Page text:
Alice Davis: It’s fallen on deaf ears, unfortunately. Our provincial government tells us that through the BMPs that we are currently offering our farmers/producers, we hope these BMPs will help by restoring riparian areas around creeks and rivers will help trap some of the nutrients coming off illegal drainage or (the standard) farming practices. How do we know if the farmers are doing enough to stop nutrients from getting into our water? We don’t know because there is no follow-up, these programs are offered to producers, government simply pays farmers the percentage they are covering for the project, and then that’s it. How do we know that it’s actually helping?

WT: So you need the $10M to figure out if this is helping, to prove or test what is going into the watershed?

Alice Davis: The $10M is to offset the cost involved in building a better ag carbon sink.

The diverse range of stakeholders we have could help us, we do some regenerative work here, that we would measure. We have key river systems running through our watershed, we have worked previously with Lake Winnipeg to help alleviate the stress on Lake Winnipeg. Our province is so hesitant to change anything, but this could be our strongest project yet regarding climate mitigation.

WT: What happens here, you get your $10M, there are groups that want to go do this testing, or you hire people? So many of these programs are listed, trumpeted out in press releases from government, and government grants handed out . Will the money be distributed out to groups to do testing? How does this $10 M connect LQWS to a carbon sink?

Alice Davis: We will connect Ducks Unlimited, and the First Nations along the Qu’Appelle, these would be our first contacts. The First Nations have a lot of Treaty Land Entitlement land that is often leased back to farmers, there are acres and acres of that land in our watershed. We have a great relationship with the U of Saskatchewan where the Global Institute of Water Security resides, I think we could tap into the scientists there, there would be other groups we would reach out to assist us with this, to pay for research, to pay for services that other groups may offer us, to get this project to do what it is supposed to do – to concentrate the BMPs in one area so that we can see what is working. We need to find the best ways to keep our water safe, clean, and well managed.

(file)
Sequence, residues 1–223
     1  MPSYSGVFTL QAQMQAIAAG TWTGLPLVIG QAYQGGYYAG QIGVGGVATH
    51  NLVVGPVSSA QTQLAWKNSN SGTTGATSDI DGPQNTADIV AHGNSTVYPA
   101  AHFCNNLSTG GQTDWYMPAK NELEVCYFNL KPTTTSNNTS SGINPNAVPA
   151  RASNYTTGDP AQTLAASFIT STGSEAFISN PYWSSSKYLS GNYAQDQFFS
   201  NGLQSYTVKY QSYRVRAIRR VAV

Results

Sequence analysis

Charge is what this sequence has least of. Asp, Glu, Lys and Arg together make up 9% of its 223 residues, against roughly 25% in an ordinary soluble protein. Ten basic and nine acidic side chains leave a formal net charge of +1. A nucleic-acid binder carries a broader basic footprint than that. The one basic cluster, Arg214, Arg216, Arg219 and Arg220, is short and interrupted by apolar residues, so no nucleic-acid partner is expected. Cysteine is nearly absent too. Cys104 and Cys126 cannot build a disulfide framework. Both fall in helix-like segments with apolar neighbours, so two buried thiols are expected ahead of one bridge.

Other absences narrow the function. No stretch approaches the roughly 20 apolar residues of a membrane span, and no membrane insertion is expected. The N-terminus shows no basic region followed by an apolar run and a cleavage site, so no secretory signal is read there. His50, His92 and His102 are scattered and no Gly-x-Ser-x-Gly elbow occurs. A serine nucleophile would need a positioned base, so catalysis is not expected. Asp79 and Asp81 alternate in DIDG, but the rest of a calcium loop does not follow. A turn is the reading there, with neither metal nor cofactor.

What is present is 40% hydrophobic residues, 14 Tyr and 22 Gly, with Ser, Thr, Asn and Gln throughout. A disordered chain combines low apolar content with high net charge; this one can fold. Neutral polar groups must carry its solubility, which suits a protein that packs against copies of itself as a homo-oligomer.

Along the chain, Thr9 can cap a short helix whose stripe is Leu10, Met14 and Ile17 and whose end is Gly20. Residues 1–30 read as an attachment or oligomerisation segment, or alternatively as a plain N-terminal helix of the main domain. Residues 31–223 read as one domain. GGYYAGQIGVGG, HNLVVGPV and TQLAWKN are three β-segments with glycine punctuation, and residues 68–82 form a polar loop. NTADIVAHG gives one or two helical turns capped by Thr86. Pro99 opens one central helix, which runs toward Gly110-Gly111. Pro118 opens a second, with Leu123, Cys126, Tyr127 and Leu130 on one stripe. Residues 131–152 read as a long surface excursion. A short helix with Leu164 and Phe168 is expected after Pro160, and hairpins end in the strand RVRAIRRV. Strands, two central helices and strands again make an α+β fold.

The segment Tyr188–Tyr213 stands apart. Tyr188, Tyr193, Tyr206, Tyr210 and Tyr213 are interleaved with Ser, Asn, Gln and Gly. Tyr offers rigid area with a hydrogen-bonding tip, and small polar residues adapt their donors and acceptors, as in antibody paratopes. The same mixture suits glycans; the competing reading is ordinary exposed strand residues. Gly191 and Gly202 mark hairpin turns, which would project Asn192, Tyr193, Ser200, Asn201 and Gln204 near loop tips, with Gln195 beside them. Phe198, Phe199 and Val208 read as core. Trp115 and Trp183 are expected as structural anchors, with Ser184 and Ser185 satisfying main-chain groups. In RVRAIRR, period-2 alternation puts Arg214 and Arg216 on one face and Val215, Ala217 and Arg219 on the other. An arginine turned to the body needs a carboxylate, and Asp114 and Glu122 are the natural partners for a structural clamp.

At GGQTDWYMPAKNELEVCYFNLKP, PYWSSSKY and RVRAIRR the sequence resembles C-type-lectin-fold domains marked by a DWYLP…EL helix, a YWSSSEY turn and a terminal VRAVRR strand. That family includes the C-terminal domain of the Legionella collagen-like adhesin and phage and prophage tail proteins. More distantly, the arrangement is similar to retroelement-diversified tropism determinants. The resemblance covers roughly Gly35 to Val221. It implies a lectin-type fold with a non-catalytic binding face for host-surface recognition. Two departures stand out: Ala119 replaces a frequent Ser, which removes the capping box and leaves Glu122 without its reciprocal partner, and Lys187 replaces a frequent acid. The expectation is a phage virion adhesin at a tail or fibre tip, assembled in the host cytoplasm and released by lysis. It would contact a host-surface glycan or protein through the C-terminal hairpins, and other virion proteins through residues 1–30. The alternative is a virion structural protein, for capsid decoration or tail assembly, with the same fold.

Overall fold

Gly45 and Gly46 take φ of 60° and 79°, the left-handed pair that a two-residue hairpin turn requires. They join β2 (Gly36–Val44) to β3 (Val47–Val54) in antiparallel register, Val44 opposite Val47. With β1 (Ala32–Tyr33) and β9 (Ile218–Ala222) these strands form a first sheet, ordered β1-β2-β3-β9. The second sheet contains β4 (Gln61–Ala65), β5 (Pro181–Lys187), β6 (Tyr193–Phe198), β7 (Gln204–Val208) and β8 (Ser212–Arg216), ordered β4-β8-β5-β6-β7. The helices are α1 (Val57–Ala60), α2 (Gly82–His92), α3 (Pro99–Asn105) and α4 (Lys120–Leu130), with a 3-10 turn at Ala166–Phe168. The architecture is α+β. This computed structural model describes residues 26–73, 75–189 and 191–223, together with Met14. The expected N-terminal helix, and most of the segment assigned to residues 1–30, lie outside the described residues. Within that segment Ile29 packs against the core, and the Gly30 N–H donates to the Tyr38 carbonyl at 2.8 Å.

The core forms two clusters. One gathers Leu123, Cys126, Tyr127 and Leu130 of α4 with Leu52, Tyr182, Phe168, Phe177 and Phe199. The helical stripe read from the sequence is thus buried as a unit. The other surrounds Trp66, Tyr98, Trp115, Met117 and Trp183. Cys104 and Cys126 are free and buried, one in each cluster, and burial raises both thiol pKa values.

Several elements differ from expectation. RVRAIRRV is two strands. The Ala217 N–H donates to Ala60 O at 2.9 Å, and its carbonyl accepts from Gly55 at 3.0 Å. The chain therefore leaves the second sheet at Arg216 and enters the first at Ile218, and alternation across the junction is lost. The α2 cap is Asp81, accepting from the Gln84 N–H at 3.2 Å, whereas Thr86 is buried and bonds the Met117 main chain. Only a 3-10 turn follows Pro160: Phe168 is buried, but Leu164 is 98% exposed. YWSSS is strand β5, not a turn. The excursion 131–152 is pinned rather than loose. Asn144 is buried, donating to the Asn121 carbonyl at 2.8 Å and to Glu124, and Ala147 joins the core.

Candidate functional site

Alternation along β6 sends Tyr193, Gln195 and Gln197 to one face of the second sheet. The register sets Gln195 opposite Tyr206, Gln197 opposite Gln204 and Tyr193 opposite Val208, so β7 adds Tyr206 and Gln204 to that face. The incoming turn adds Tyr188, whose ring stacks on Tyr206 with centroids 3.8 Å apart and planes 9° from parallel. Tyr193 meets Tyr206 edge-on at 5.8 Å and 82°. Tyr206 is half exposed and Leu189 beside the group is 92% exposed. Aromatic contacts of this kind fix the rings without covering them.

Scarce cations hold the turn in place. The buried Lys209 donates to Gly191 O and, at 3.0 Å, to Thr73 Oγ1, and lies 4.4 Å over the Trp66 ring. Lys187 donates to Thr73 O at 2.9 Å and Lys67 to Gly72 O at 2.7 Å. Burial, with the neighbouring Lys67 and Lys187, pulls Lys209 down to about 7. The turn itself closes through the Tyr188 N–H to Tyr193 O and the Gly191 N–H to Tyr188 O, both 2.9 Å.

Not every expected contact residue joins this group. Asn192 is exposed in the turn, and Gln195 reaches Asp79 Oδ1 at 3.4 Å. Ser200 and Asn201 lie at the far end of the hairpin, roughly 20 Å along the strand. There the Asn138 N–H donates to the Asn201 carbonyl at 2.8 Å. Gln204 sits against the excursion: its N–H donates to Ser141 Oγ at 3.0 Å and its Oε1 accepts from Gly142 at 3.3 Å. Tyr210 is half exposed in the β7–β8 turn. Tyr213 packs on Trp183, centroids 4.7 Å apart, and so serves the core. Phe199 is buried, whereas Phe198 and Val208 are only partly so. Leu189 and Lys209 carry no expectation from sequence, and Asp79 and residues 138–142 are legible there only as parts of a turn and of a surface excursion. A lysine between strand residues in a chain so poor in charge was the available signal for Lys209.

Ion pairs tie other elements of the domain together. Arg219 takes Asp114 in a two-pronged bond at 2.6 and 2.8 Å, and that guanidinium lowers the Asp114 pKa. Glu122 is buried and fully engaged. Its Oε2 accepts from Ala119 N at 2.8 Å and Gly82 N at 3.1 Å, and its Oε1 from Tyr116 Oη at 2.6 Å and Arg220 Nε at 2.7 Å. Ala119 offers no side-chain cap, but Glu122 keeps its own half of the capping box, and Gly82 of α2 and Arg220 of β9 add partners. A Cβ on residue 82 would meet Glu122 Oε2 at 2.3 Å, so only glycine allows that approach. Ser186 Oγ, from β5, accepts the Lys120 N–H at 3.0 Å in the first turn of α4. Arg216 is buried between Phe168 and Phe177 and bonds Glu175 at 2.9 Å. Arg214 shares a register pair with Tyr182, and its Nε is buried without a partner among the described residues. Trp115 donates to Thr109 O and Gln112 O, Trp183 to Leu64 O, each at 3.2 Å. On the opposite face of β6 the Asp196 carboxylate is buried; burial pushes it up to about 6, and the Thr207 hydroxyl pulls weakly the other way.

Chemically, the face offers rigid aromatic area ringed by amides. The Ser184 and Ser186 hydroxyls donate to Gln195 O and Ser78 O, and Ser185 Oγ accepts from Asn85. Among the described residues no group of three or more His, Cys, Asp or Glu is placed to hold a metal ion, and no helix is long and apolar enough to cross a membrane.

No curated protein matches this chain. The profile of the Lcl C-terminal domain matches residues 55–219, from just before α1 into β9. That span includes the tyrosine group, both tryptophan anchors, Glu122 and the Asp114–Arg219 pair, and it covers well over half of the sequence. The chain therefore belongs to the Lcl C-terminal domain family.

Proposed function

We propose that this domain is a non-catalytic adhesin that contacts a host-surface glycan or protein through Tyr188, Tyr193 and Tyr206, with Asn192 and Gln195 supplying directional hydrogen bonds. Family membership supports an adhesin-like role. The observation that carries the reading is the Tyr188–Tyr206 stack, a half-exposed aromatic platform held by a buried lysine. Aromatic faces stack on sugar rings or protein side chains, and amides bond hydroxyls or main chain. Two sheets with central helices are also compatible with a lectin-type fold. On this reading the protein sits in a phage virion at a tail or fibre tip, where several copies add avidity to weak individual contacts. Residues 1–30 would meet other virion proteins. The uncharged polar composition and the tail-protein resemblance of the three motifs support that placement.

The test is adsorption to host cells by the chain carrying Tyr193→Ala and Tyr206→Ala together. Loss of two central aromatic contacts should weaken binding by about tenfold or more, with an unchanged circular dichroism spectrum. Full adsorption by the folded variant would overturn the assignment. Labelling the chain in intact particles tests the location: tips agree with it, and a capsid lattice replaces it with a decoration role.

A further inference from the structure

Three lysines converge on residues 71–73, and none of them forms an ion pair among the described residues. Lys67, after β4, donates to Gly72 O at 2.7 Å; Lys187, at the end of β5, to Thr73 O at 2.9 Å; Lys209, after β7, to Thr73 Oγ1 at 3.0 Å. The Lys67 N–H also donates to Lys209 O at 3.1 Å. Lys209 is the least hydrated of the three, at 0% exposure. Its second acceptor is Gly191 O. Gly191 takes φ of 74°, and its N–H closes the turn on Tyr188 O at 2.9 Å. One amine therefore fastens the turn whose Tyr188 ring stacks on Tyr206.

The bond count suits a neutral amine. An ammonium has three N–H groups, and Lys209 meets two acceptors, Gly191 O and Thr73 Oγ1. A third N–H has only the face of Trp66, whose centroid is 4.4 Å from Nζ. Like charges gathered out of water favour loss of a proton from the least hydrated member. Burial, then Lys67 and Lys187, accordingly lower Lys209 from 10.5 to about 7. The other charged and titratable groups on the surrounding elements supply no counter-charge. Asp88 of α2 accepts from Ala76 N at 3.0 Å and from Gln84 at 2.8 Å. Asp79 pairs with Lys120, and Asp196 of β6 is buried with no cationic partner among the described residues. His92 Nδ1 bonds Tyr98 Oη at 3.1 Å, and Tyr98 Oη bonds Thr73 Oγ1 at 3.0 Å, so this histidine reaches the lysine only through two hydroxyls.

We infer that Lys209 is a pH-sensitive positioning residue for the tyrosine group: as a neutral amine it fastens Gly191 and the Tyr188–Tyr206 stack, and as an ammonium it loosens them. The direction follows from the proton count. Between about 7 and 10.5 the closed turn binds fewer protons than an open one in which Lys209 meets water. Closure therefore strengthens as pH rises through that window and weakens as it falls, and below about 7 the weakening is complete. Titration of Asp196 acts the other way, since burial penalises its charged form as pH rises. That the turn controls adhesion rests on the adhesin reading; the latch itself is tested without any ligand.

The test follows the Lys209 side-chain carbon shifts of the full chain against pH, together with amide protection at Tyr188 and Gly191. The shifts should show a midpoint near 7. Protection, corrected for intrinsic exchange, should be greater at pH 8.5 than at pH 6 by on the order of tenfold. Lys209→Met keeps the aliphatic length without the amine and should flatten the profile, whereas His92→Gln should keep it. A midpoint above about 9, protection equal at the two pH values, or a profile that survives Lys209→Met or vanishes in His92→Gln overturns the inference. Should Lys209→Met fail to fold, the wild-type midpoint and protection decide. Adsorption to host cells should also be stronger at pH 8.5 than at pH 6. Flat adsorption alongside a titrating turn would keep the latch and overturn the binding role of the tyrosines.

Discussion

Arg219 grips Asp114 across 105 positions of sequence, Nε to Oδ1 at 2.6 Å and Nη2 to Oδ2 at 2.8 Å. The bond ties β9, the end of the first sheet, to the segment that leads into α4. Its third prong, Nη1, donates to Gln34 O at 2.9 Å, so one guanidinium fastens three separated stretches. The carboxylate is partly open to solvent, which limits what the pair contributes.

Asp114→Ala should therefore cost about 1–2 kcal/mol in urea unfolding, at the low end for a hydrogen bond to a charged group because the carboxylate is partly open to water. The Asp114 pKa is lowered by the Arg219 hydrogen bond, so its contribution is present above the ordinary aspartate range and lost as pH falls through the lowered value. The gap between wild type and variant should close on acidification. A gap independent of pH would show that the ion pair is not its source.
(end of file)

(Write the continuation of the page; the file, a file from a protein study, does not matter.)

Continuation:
WT: I’m aware of the testing done in Lake Ontario for excess nutrients flowing into the lake, is this a similar situation, excess nitrogen fertilizer coming into the lakes? Is that the principal problem, and what are the other issues?

Alice Davis: It's definitely part of it, and also the illegal drainage, where after a heavy rain event, after floods we had in 2011 and 2014, there was a lot of water laying on the fields. Farmers like to farm corner to corner, they don’t want to go around (water) so they drain it. These drainage ditches are not permitted by our Water Security Agency, and the water runs into our rivers and lakes, carrying fertilizer, creating a green algae mess.

WT: So, in addition to regular rain run-off that carries farm fertilizer into the water, we also have alleged illegal drainage and loss of wetlands? Why are the wetlands being lost?

Alice Davis: It's something that farmers don’t want to deal with, they drain the wetlands so they can farm the whole field. The wetlands dry up.

WT: The program you are applying for has something to do with carbon sinks, can you explain how that works in the agricultural sector?

Alice Davis: Engaging enough surface area of cultivated land, all concentrated in one watershed, so we can measure the impact of the BMPs that farmers are implementing. We are looking at the agriculture sector as the most extensive and direct path for Canada to meet our national climate goals, net-zero emissions by 2050. We can only cut so much from emissions; Canada needs to look at more effective carbon sinking. The forest is burning, so that’s not working in our favour right now. The agricultural land is capable of sinking more carbon with more farms adopting BMP’s. We are talking about paying the farmers to make these changes, like shifting the timing of fertilizer applications, which is also good for their bottom line. We can also invite other watersheds to take a look at our project, take some ideas, we will create a model for others to follow. We need to do this.

WT: I haven’t seen change come about just because someone says they have an idea, why will you're asking for change work?

Alice Davis: Education. A lot of education. Just like anything else that I or other organizations do, it's all about educating the people why we need to make the changes, and also how to change, what to do differently. On some issues, people are receptive, on others, not so much. You need the trust factor. We have a young generation of farmers that are maybe willing to make more changes, their kids are learning about climate change in school, the younger generation hears about climate change in social media, it’s on the kids' minds more so than the parents' minds, I think.

WT: So, there is an opportunity for change while the farm turns over from one generation to the next?

Alice Davis: I think so, yes. In my experience, if you educate the kids, the kids will talk about it with Mom and Dad. The more interaction between what the kids are learning at school and hearing on social media about climate change and what the parents are doing on the farm, the better. We just hope to get a positive message out there, to start with positive thoughts.